PRESS RELEASE | Contact GAELLE GOURMELON | For release: Tuesday, May 10, 2016

Notes to Editors: To schedule interviews or to obtain a review copy of Can a City Be Sustainable?, please contact Gaelle Gourmelon at ggourmelon@worldwatch.org.

 Worldwatch Institute’s Vital Signs exposes latest global peaks of production and consumption, as well as associated impacts

Washington, D.C.-----Today, nearly 3.9 billion people-----half of the world's population-----live in urban areas. By 2050 that number is expected to nearly double. According to Can a City Be Sustainable? (State of the World), the latest edition of the annual series from the Worldwatch Institute, there is no question cities will continue to grow; the only debate is over how (www.worldwatch.org). 

"Cities are at a crossroads, confronting historic challenges posed by rising populations, accelerating climate change, increasing inequity, and-----all too often-----faltering livability," writes Eduardo da Costa Paes, Mayor of Rio de Janeiro.
Cities have voracious appetites for energy, accounting for about three-quarters of the world's direct final energy use in 2005-----far more than their 49 percent share of global population that year. Cities today must also deal with growing stress on raw material supplies. Extraction of metals, minerals, and fuels is increasingly complex now that the easiest sources have been tapped. A city's food system-----the production, processing, distribution, consumption, and waste of its food-----has impacts that extend to a city's host region and country, and often to other countries as well.
"As rural migrants to cities adopt city-based lifestyles, they tend to use more resources as their incomes rise and as their diets shift from starchy staples to a greater share of animal products and processed foods," writes Tom Prugh, author and co-director of the report. This, in turn, puts natural systems-----either in the migrants' own countries or in other countries that export products or their inputs-----under strain.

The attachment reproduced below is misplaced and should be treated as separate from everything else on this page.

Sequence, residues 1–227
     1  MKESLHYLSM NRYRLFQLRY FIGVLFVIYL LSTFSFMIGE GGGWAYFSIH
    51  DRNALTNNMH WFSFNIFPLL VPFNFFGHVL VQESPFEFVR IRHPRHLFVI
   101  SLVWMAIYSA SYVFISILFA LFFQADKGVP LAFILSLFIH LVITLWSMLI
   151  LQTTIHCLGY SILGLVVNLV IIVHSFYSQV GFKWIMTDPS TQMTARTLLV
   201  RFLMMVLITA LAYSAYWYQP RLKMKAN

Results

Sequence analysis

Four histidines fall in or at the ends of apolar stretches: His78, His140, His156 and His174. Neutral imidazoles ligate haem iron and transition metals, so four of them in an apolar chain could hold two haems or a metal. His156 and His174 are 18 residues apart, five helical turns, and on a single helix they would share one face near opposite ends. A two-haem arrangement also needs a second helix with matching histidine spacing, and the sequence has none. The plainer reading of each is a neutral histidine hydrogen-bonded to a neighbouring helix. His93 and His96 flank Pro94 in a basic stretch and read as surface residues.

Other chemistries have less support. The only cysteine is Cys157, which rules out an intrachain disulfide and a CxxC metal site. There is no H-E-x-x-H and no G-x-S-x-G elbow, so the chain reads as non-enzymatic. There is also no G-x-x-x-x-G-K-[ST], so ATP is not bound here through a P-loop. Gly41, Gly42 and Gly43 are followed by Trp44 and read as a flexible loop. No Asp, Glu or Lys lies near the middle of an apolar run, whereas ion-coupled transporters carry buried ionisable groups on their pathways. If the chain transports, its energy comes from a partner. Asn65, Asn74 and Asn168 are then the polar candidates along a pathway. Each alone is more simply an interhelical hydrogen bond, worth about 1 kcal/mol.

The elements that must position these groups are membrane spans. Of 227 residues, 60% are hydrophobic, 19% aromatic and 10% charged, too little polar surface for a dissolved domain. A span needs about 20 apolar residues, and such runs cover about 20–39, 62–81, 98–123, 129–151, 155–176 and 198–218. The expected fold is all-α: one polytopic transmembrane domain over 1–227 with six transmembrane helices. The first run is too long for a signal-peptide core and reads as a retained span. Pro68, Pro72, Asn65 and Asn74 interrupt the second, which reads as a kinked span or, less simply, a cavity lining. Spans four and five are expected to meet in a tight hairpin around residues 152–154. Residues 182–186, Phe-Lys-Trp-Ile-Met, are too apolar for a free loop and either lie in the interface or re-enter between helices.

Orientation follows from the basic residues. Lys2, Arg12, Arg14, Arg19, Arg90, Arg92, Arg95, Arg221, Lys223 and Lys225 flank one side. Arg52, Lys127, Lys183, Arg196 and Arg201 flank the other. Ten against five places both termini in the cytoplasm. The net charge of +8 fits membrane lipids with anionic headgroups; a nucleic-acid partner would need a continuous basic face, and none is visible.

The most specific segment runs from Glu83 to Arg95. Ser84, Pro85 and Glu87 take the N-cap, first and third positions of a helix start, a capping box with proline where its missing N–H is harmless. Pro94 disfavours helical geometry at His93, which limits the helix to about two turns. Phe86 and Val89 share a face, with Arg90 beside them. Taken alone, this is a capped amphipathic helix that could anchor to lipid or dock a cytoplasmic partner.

However, cities today are also in an exciting position to take leadership on the effort to build sustainable economies. 
"People care about their cities and often are motivated to protect and improve their urban homes," says Gary Gardner, author and co-director of State of the World. "Cities can harness that passion to help advance a sustainability agenda, perhaps more easily than national governments or corporations can."
Perhaps the biggest single step that cities can take toward a sustainable future is to create economies that greatly reduce materials use, (re)circulate most materials, and rely largely on renewable energy. "Green infrastructure"-----the use of natural areas to provide economic services-----can also help cities avoid building costly new water management facilities, can recharge aquifers, and can provide flood protection. Ensuring that decision-making is transparent and participatory ensures that no community is left behind. 
"Building on the new hope created by the breakthrough agreement on climate action achieved in Paris last December, cities stand ready to engage their citizens in building a sustainable future," writes Mayor Paes. 
 ----- END----- About the Worldwatch Institute: Worldwatch is an independent research organization based in Washington, D.C. that works on energy, resource, and environmental issues. The Institute's State of the World report is published annually in multiple languages (www.worldwatch.org).  About Island Press: Founded in 1984, Island Press works to stimulate, shape, and communicate the information that is essential for solving environmental problems. Island Press is driving change by moving ideas from the printed page to public discourse and practice. Island Press’s emphasis is, and will continue to be, on transforming objective information into understanding and action (www.islandpress.org). 

 

First-Ever Sustainable Energy Roadmap for the Caribbean Launched

Wed, 10/28/2015 - 09:08

PRESS RELEASE | Contact GAELLE GOURMELON | For immediate release

Caribbean Sustainable Energy Roadmap and Strategy (C-SERMS) Baseline Report and Assessment

Notes to Editors